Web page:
On 12/17/14, CST executed its first dropdown to CAPL, selling 5% of its fuel distribution business to CAPL for a price of 10.6x EBITDA.  CST’s stated strategy is to drop 100% of its fuel distribution down to CAPL over time and also each year drop down all of the real estate behind its New to Industry (NTI) stores that CST builds each year at the parent level at a stated 7.5% cap rate.  The logic for selling its NTI real estate to CAPL (as opposed to the real estate it already owns behind 1,000+ existing company stores) is that there is a full tax basis at newly constructed stores and thus dropping these assets to CAPL minimizes tax leakage to CST.  CST built 29 NTIs in 2014 and is guiding for an additional 35-40 NTIs to be constructed in 2015.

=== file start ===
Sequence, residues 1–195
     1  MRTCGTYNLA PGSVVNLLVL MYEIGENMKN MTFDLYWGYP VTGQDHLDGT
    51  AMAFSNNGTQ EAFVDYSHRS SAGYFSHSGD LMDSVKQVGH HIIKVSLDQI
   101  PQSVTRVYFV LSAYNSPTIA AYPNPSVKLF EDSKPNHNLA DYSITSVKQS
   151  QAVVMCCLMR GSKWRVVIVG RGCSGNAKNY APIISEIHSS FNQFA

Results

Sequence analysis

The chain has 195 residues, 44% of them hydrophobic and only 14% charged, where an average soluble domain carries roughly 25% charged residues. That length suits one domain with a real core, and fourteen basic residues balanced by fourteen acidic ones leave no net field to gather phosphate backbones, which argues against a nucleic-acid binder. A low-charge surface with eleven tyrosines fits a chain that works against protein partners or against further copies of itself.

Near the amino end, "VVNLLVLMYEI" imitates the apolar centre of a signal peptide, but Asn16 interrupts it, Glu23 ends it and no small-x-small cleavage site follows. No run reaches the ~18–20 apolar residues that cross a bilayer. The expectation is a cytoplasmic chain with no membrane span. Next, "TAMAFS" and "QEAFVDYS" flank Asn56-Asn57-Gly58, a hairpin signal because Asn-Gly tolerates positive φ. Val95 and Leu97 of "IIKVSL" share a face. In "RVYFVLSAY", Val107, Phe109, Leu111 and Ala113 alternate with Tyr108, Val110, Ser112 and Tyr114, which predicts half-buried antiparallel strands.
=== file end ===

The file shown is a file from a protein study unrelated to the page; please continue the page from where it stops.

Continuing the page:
It is also worth noting that CST’s 2023 bonds contain covenants restricting asset sales at CST and thus limit the amount of dividends and share repurchases that CST can undertake as a result of dropdowns with CAPL.  The bond indenture allows them to take 75% of asset sale proceeds in cash and 25% in units and to re-invest dropdown proceeds in the business, and CST is using these proceeds to build NTIs that provide further dropdown inventory to CAPL.  The bonds can be called on 5/1/18 at $102.50. 

Earlier this year, the CST/CAPL symbiotic relationship was an MLP/GP growth story that the market really liked.  In January 2015, CAPL closed its first CST related acquisition, buying 5% of CST’s wholesale fuel business.  CAPL traded up 55%+ above the unaffected price in August 2014 when CST acquired its GP.  The unit price high represented a 5.3% current yield as investors were willing to pay up for the growth visibility provided by the dropdown inventory at CST.

Rationale for the “Perfect Storm” Sell-off after CAPL’s Botched Equity Offering On 6/16/15